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5 Stellar Nonprofit Website Examples

Updated: a day ago




Looking for a little website inspiration for your non-profit organization? The search is over. Check out these 5 stellar nonprofit website examples.


As your organization does its spring cleaning, you may find it’s time to give your nonprofit’s site a little refresher. Before we dive into 5 stunning website examples, take 10 minutes to note what’s working and what’s not working on your site right now.


How a Stellar Nonprofit Website Looks Like

  • Has a donate button that works correctly

  • Provides site visitors with a working donate form

  • All website links go to the correct locations

  • All forms are working properly

  • All images are up to date (especially check staff or Board pages!)

  • All contact information is correct

  • Your mission, vision, and programs are clearly communicated

  • All events are listed, up-to-date, and easy to find

  • Pictures and videos on your homepage are no more than 2 years old

Okay, now you’re ready! Let’s dive in.


Website Example #1: International Justice Mission

What we love:

  • The homepage “hero image” is beautiful, up-to-date, and includes a call-to-action that is relevant to an upcoming holiday, Mother’s Day.

  • Categories are simple, compelling, and easy to follow: “Who we are,” “What we do,” “Become a freedom partner,” “Current rescues.”

  • Buttons are impact-oriented. (e.g., “Join our fight,” “Send rescues”)

  • Images are high-resolution.

  • The site loads quickly.

  • The footer prioritizes social media.

  • The “give now” button is in a bright red, attention-grabbing color, including multiple giving options.

  • Branding is consistent (e.g., fonts, colors, voice).

  • Includes a stories and studies section, demonstrating accountability.

  • Has a real-time tracker of program work, so the site and work feels especially urgent.



Website Example #2: St. Jude Children’s Research Hospital

What we love:

  • The homepage “hero image” includes a memorable tagline, “Finding cures. Saving children.”

  • The homepage “hero image” is actually a video. Bonus: it doesn’t take long to load!

  • The homepage gallery demonstrates the diversity of reasons someone might have in their organization in a way that is clean, simple, and easy to navigate.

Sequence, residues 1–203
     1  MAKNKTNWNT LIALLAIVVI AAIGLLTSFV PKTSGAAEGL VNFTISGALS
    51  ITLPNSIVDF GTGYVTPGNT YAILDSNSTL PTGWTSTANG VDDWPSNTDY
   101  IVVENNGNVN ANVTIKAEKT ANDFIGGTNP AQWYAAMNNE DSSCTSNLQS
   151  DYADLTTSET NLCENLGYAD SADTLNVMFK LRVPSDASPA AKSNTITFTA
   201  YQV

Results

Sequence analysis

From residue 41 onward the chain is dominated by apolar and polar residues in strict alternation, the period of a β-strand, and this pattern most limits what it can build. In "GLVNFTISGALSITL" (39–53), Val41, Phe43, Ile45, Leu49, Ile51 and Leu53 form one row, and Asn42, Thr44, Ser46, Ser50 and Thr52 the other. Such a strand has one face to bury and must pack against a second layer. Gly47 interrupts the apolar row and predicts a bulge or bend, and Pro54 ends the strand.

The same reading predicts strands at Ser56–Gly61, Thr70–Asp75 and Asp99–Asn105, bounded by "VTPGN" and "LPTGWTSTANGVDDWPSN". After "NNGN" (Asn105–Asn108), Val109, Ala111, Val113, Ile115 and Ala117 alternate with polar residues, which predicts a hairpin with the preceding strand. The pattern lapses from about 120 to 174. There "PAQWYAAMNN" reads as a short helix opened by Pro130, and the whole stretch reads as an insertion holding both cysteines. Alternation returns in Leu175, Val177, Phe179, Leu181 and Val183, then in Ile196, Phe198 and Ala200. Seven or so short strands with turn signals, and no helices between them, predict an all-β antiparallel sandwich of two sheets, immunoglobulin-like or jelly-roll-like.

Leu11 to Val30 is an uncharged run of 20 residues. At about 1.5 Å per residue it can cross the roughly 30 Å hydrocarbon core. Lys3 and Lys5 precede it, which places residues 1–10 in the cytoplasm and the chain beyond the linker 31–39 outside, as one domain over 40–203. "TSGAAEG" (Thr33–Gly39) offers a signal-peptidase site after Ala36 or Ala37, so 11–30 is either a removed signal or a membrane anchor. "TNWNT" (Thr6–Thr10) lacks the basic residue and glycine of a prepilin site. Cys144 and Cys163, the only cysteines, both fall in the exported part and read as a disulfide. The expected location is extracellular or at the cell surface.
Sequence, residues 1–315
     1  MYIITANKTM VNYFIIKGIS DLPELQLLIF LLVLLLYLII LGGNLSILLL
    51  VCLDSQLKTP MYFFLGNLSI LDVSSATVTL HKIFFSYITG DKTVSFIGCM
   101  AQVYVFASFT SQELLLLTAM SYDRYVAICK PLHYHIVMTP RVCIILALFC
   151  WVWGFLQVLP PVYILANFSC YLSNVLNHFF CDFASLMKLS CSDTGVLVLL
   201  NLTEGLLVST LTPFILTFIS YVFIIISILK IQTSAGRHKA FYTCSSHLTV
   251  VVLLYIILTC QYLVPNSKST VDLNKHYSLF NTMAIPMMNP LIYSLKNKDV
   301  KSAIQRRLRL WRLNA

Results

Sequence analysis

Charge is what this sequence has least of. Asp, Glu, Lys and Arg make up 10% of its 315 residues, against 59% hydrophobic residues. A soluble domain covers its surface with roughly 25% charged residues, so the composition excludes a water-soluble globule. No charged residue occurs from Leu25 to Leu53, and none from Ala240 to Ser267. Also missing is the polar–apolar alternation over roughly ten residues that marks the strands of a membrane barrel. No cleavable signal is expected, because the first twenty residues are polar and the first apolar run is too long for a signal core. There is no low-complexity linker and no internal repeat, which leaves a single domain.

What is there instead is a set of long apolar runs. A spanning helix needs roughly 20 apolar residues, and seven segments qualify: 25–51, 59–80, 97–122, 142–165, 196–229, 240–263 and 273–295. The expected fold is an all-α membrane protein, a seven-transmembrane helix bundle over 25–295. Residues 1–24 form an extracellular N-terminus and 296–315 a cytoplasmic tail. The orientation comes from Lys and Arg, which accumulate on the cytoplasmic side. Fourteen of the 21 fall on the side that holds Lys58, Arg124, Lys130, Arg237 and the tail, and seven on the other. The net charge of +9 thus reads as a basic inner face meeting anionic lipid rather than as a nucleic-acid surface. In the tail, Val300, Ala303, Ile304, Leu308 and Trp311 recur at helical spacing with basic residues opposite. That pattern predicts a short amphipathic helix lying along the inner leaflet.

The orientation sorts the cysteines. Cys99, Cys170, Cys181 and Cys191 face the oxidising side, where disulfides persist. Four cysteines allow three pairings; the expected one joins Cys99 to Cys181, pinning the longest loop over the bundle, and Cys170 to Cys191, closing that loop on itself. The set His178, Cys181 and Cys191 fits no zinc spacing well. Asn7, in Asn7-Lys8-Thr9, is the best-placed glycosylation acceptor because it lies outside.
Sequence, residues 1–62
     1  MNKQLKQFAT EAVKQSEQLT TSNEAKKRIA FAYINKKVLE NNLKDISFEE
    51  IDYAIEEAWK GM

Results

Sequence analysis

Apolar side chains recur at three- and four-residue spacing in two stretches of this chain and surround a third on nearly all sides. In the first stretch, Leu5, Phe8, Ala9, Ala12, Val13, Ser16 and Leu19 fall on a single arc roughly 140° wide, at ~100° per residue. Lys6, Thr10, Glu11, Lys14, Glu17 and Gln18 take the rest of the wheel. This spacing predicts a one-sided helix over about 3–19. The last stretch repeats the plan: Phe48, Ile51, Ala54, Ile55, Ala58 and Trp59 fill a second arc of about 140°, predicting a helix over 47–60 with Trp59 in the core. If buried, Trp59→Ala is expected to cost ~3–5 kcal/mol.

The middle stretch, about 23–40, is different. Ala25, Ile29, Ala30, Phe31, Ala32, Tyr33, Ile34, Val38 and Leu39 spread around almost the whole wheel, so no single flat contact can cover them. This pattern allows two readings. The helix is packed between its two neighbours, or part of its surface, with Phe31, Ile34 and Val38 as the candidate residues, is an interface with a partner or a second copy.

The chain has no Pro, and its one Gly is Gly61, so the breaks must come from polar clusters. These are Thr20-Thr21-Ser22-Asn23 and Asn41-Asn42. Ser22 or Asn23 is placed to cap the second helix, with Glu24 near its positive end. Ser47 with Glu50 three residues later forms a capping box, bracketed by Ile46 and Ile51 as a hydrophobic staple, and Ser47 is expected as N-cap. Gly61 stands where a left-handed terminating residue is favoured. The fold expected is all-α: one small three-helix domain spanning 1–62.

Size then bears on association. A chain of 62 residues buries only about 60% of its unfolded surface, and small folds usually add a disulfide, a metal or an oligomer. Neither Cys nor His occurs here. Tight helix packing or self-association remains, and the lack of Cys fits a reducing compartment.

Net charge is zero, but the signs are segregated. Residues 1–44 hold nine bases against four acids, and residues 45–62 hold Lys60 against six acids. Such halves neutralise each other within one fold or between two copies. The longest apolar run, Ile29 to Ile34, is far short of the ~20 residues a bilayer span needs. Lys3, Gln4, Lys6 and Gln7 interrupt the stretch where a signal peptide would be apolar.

• The news section is up-to-date and updated regularly.

  • The “connect with us” section includes social media buttons and email or text updates.

  • The “get involved” section breaks down every imaginable format: school fundraisers, sports and fitness fundraisers, workplace giving, video game fundraising, and individual giving.



Website #3: ASPCA

What we love:

  • The homepage “hero image” CTA is for monthly donations, which boosts donor retention.

  • Looks just as good in mobile view as laptop.

  • Includes as a newsletter sign-up without forcing users to leave the page.

  • Has a strategic partnerships page, that tells supporters other ways they can get involved through day-to-day purchases.

  • Format is easy to follow: Key Issues, Our Response, How You Can Help.

  • Donate button on every page.

  • Heart-melting, high-resolution photos throughout.



Website #4: charity: water

What we love:

  • The “hero image” is totally unique, featuring a video background with a donation form.

  • Navigation is straightforward: Why Water?, Our Work, About Us, Get Involved.

  • Features a 20-minute “about us” video on the homepage that loads instantly.

  • Includes custom graphics and animations that are unique to its brand.

  • Copy is short and conversational throughout, which feels inviting.

Has a “streaming” page, which includes step-by-step inspiration for gamers to livestream and raise funds for their cause.




Example #5: Feeding America

What we love:

  • The homepage “hero image” reports an immediate impact: “ONE YEAR AND 6 BILLION MEALS LATER.”

  • Includes a 501c(3) tax ID number in the footer, boosting donor confidence.

  • Humanizes those served on the “hunger in America” page: child hunger, senior hunger, Latino hunger, and more. You can tell the site was carefully made for donors, volunteers, and those served.

  • Has a “thank you” section, where anyone can send a personalized thank you card to volunteers. Genius!

  • The blog has a memorable name (“hunger blog”) and is keyword searchable.

  • The donation form is one simple page that includes an explanation for why monthly giving makes the biggest impact.


There you have it! We hope these beautifully crafted nonprofit websites inspire you.


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